They also enable continuous change so the improvements can be extended and propagated over time, this is called business process management life cycle where process improvement repeats continuously for the life of the process. This introduces a culture of continual process improvement into the organisation in a structured but easy to use way.

What are the key goals of business process management?

The simple answer is to streamline the way things run to maximise efficiency. But some of the methodology is different depending on the type of BPM.

For human or document centric BPMs, it’s essentially a tool to create, map, analyse, and improve or automate business processes to ensure everyday operations run more efficiently to realise bigger organisational goals. Usually driven by business rules, it involves a lot of operational analysis and flow charting, and the more sophisticated offerings in the space include not only process designers, but also simulation tools so that processes can be run virtually to identify bottlenecks or other issues related to either people or underlying infrastructure.

For system centric BPMs it is about getting information to where it needs to go, when it needs to go there. Having those insights communicated to you in an immediately usable format. This is what reporting and querying software is all about. Success depends in large measure on how well you label the data so it can be identified and included when an appropriate query comes along. A major boost toward accomplishing this goal exists in data warehousing and business intelligence tools that can leverage to successfully interchange shared metadata. It is based on three standards (modelling, repository, interchange).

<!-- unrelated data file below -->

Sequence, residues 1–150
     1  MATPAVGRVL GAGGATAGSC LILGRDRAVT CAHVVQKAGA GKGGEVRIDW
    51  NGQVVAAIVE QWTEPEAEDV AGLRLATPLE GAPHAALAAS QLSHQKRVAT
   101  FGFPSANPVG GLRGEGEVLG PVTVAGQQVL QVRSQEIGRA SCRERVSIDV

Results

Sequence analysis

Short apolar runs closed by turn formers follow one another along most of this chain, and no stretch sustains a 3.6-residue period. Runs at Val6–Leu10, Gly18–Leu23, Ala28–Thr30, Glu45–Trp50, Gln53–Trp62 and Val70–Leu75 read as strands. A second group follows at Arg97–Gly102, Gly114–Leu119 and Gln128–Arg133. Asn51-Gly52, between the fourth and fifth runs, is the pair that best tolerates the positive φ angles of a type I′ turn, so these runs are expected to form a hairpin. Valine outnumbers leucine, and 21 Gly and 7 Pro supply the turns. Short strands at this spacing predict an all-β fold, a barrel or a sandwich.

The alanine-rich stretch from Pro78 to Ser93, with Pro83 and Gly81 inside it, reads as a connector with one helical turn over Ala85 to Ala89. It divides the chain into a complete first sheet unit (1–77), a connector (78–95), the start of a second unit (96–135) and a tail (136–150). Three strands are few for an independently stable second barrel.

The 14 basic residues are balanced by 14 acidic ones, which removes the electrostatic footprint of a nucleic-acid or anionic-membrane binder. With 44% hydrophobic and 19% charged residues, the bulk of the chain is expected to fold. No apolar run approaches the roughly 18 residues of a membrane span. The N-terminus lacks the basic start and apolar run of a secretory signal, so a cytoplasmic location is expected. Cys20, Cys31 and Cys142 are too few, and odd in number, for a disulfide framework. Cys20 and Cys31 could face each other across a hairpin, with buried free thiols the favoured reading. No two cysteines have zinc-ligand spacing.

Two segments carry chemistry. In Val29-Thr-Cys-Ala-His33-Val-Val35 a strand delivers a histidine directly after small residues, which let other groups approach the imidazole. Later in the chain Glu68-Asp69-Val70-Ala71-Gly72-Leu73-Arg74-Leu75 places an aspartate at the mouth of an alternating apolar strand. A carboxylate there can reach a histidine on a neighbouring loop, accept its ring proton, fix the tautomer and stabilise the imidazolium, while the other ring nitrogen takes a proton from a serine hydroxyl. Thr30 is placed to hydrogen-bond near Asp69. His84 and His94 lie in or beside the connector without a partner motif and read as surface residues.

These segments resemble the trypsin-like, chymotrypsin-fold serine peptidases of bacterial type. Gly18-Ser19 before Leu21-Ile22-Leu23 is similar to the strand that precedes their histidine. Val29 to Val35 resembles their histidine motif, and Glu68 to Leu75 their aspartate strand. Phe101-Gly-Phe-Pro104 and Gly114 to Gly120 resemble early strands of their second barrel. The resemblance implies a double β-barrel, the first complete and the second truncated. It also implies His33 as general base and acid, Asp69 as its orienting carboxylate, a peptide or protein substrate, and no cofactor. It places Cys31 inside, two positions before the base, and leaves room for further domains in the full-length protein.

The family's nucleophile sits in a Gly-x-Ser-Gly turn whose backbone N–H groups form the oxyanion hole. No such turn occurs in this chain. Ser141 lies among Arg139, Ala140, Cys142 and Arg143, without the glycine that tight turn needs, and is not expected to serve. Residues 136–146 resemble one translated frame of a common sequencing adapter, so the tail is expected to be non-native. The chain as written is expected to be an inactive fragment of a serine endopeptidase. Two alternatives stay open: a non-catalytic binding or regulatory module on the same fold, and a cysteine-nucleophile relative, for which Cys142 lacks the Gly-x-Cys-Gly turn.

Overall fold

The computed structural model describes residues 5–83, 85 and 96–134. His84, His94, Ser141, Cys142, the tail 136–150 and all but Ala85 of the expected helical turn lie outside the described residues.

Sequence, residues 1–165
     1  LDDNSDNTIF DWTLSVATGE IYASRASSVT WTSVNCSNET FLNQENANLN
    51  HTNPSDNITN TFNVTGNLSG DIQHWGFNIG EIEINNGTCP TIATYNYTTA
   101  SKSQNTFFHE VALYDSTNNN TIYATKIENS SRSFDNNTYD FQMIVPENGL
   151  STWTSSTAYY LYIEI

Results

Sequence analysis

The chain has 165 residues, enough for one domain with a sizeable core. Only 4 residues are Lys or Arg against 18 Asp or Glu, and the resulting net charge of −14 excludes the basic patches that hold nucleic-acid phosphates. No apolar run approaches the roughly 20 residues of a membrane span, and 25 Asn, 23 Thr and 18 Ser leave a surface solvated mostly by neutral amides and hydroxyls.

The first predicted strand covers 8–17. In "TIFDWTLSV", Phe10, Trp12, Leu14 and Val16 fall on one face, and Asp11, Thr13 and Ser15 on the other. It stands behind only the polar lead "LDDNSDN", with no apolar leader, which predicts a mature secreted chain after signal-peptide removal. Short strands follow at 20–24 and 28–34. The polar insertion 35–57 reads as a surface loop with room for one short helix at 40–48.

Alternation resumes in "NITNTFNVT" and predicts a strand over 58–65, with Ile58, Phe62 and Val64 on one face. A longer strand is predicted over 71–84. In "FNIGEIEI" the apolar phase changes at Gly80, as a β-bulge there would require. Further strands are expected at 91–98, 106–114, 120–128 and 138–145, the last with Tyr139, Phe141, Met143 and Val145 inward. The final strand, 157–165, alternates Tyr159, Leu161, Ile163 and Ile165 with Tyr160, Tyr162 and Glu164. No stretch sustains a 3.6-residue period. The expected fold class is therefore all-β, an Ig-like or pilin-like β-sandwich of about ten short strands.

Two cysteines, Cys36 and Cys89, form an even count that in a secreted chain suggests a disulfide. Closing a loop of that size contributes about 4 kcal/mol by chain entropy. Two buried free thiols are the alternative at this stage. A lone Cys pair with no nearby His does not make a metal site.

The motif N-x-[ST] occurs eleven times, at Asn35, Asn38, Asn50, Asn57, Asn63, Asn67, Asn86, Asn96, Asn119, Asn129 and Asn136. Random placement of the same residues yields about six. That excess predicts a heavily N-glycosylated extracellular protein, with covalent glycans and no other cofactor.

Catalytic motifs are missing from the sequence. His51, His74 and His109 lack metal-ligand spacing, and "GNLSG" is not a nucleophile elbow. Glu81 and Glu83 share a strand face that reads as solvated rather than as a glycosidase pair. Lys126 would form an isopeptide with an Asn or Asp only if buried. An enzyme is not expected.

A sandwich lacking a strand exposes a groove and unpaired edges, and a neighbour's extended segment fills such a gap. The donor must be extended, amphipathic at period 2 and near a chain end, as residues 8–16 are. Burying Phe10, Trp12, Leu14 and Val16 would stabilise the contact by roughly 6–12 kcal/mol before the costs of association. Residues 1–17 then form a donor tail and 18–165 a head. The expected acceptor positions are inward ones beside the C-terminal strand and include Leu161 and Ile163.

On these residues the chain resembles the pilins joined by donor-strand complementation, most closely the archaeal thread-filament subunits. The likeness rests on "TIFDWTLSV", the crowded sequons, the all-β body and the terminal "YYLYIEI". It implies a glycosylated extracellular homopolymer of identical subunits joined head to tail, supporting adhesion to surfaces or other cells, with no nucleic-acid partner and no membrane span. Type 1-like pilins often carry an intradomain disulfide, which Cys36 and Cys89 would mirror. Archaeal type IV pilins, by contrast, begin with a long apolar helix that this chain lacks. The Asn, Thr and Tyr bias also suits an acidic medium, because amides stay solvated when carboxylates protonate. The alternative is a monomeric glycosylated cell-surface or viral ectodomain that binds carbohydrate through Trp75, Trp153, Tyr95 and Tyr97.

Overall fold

BPM itself is perhaps the “ultra” process improvement technique because it explicitly addresses the complexity of inter-application and cross-repository processes, and incorporates data-driven, as well as, content-driven processes – all on an ongoing basis.

Modern businesses that want to thrive, are embracing and harnessing Business Process Management.

Download this Business Process Management PDF as a guide note.